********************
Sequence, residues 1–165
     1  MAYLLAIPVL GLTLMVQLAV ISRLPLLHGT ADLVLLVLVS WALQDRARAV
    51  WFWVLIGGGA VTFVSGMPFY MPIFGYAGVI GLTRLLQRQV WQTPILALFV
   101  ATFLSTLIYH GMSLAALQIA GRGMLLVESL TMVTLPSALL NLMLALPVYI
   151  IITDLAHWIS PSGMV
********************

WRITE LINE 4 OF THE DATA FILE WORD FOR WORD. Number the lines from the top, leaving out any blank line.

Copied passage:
   101  ATFLSTLIYH GMSLAALQIA GRGMLLVESL TMVTLPSALL NLMLALPVYI